Chinese medicine obtains WHO recognition. Some doctors are alarmed

For the first time, the World Health Organization (WHO) is including a section on traditional Chinese medicine in its upcoming disease diagnosis and classification guide.

Practitioners welcome the update, but in Europe the move is setting off alarm bells among top medical and scientific groups.

“We were quite amazed to see something like this having no scientific support to be included in a document that is so widely used across the world,” said Dan Larhammar, president of the Royal Swedish Academy of Sciences. , who helped draft a statement released this month by a coalition representing Europe’s science and medical academies.

Traditional Chinese Medicine, or TCM, is a complex practice that approaches health through the body’s relationship with nature.

“The terminology, the language is different,” said Song Xuan Ke, a traditional Chinese doctor who has practiced in London for three decades.

Quan Zhou, a traditional Chinese medicine practitioner, performs a cupping procedure on a patient’s back at the New England School of Acupuncture on November 9, 2019.

Elana Gordon / The World

Traditional Chinese Medicine is rooted in the ancient principle of Yin and Yang. These opposing forces correspond to different parts of the body and have characteristics like hot and cold, calm versus active.

Health problems are a sign of an imbalance, perhaps kidney Yin deficiency, or a blockage of qi in the meridian line, or energy channel, in the body.

Practitioners seek to restore this balance through various herbal remedies and therapies such as cupping and acupuncture.

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Cupping is a traditional Chinese medicine technique believed to restore balance and health to the body. Quan Zhou, a traditional Chinese medicine practitioner, performs a cupping procedure on a patient’s back at the New England School of Acupuncture on November 9, 2019.

Elana Gordon / The World

It can be more subjective and individualized, Ke told the world, compared to Western medical approaches.

The WHO Diagnostic Manual was created in 1948 and has become an international standard for reporting data on health conditions and causes of death. It has also been revised a lot, as medicine itself evolves. The inclusion of a chapter on TCM in the next edition was approved this spring and takes effect in 2022.

“It shows the world is multi-dimensional, so that’s great,” said Ke, who hopes the move will be a boost for the field worldwide.

This is exactly what the Federation of European Academies of Medicine (FEAM) and the European Academies Scientific Advisory Council (EASAC), a coalition representing the European Academies of Science and Medicine, fear. In November, they released a statement calling on the European Union to do more “to ensure that all medical products and procedures are subject to an appropriate level of quality, safety and efficacy assessment… “

They want to crack down on claims of unregulated herbal drug treatments and interventions.

“If unproven methods are claimed to be helpful, we risk the health of patients,” Larhammar said, adding that the move could legitimize quack claims about panacea for cancer and other diseases and put pressure on health systems. for them to incorporate unproven practices, such as using an ingredient in animal skins to fight cancer.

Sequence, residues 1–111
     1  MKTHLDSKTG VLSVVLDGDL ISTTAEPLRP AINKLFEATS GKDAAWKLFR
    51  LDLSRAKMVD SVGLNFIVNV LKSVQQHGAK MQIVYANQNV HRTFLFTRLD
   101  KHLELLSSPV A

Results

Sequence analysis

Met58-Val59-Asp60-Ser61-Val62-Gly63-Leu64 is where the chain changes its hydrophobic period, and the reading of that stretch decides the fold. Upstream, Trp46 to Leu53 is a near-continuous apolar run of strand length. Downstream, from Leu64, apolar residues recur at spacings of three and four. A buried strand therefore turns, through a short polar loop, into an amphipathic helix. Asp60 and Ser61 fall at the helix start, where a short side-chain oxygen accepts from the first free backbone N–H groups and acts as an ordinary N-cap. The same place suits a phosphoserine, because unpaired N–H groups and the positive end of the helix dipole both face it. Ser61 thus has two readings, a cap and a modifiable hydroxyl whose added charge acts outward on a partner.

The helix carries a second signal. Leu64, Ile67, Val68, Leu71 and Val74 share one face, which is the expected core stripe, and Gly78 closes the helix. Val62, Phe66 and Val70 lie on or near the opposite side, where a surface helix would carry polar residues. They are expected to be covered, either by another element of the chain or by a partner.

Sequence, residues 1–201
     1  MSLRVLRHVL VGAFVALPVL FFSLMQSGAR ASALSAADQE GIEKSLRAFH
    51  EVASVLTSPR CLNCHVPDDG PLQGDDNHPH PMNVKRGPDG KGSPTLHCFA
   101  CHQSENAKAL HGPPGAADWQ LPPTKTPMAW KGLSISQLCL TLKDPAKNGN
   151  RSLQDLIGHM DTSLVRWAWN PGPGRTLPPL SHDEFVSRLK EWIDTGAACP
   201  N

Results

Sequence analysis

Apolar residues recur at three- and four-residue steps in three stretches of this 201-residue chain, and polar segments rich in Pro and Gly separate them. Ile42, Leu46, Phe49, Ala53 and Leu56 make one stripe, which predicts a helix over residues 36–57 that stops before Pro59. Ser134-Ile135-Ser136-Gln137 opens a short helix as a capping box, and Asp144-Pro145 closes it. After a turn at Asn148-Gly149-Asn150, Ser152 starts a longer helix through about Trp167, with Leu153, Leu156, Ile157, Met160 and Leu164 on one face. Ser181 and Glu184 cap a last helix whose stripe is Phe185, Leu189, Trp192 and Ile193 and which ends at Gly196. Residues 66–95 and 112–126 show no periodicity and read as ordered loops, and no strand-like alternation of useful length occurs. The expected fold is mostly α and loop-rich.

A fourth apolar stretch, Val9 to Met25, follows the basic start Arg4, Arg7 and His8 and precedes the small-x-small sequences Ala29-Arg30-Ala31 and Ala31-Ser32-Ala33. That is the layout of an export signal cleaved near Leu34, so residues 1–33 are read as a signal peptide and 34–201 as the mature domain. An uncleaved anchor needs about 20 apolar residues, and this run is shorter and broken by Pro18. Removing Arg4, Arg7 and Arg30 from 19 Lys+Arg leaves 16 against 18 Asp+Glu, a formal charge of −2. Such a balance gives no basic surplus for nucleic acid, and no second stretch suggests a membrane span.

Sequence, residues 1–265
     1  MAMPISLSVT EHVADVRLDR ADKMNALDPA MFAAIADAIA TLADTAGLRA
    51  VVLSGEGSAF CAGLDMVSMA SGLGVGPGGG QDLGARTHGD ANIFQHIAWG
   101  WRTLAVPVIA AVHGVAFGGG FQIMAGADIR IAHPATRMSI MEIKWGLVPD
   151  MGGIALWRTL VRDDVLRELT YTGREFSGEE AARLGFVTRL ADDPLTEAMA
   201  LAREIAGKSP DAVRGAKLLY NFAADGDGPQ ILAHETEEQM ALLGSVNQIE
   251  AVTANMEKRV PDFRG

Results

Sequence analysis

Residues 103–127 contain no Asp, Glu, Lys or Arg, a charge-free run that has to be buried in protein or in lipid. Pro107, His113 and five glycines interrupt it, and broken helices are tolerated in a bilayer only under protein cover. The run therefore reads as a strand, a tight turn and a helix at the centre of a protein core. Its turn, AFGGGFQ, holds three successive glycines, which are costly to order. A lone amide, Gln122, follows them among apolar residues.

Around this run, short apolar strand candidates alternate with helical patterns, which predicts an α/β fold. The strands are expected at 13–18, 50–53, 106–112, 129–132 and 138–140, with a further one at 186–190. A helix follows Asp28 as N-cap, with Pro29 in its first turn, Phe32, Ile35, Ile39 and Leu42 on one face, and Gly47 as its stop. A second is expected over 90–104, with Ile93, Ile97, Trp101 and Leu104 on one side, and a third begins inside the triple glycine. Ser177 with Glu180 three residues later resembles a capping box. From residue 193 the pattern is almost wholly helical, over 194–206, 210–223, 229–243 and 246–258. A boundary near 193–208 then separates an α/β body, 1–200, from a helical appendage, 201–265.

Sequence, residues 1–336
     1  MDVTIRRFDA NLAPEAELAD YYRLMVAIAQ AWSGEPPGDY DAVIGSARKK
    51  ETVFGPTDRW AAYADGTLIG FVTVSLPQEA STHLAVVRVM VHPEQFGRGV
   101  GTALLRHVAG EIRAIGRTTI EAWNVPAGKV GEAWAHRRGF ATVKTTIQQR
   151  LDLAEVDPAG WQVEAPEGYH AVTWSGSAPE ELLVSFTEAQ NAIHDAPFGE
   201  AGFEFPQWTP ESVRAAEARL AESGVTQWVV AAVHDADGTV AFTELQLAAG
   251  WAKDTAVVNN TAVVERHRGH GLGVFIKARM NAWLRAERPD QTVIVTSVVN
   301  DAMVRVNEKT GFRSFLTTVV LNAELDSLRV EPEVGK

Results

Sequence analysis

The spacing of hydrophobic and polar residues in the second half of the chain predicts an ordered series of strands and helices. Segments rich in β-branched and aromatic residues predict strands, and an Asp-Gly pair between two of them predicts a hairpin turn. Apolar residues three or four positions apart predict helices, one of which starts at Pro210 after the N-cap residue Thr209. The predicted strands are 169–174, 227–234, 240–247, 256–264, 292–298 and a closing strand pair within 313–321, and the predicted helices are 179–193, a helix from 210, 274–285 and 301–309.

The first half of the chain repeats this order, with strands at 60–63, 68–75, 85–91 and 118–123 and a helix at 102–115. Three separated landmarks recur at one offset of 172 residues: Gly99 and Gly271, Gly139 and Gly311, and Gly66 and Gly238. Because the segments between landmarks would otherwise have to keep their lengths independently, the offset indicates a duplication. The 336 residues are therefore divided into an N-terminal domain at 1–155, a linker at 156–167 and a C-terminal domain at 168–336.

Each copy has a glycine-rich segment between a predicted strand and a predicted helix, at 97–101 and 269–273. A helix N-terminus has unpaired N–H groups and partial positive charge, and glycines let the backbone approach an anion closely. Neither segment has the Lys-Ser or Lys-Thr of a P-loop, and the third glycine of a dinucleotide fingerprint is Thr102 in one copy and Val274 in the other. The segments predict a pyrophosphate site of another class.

“No one has been able to define a meridian or an acupuncture point. No one can tell what the diameter of an acupuncture point is, or how deep it is. [the] skin, whether it is the same size on the body. It is still totally unknown – and most likely, [an] the explanation for this is that they probably don’t exist.

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Quan Zhou, a traditional Chinese medicine practitioner, performs acupuncture on a patient’s foot at the New England School of Acupuncture on November 9, 2019.

Elana Gordon / The World

In a separate, searing editorial, the journal Nature wrote that the WHO risks promoting an unsubstantiated philosophy and is likely to fuel the sale of largely unproven treatments.

In an emailed statement, WHO spokesman Christian Lindmeier wrote that the inclusion of TCM “is not an endorsement of the scientific validity of any TCM practice or effectiveness of any TCM intervention, but a tool for counting and comparing TCM conditions.The chapter provides the means to do research and evaluation to establish the effectiveness and safety of TCM.

For Dominik Irnich, a doctor at the University of Munich and head of a pain center at the hospital, the warning from European academies is a good thing but “a bit exaggerated”.

“I think it’s not just about regulation, it’s about the acceptance of traditional Chinese medicine and acupuncture in the western world,” he said.

Irnich is also president of the German Acupuncture Association and active in international groups. He has found that some traditional approaches, such as acupuncture for chronic pain, have shown promise in his practice.

“There is scientific evidence, and for example in Germany it is well accepted,” Irnich said. “We have about a third of German doctors who know it very well and use it.”

Still, he said it’s best brought under the umbrella of Western medicine, where practitioners have training in both fields and where scientific research methods can provide more checks. As it stands, he says, policies and regulations surrounding TCM vary from country to country. They often don’t exist.

“There is a need for a call for regulation,” Irnich said, referring to the European Union level. “So that makes sense.”

Elana Gordon is a journalist and producer at The World, specializing in global health and medicine. She is a founding member of WHYY’s Health and Science show, The Pulse, and was a 2018-19 Knight Science Journalism Fellow at MIT.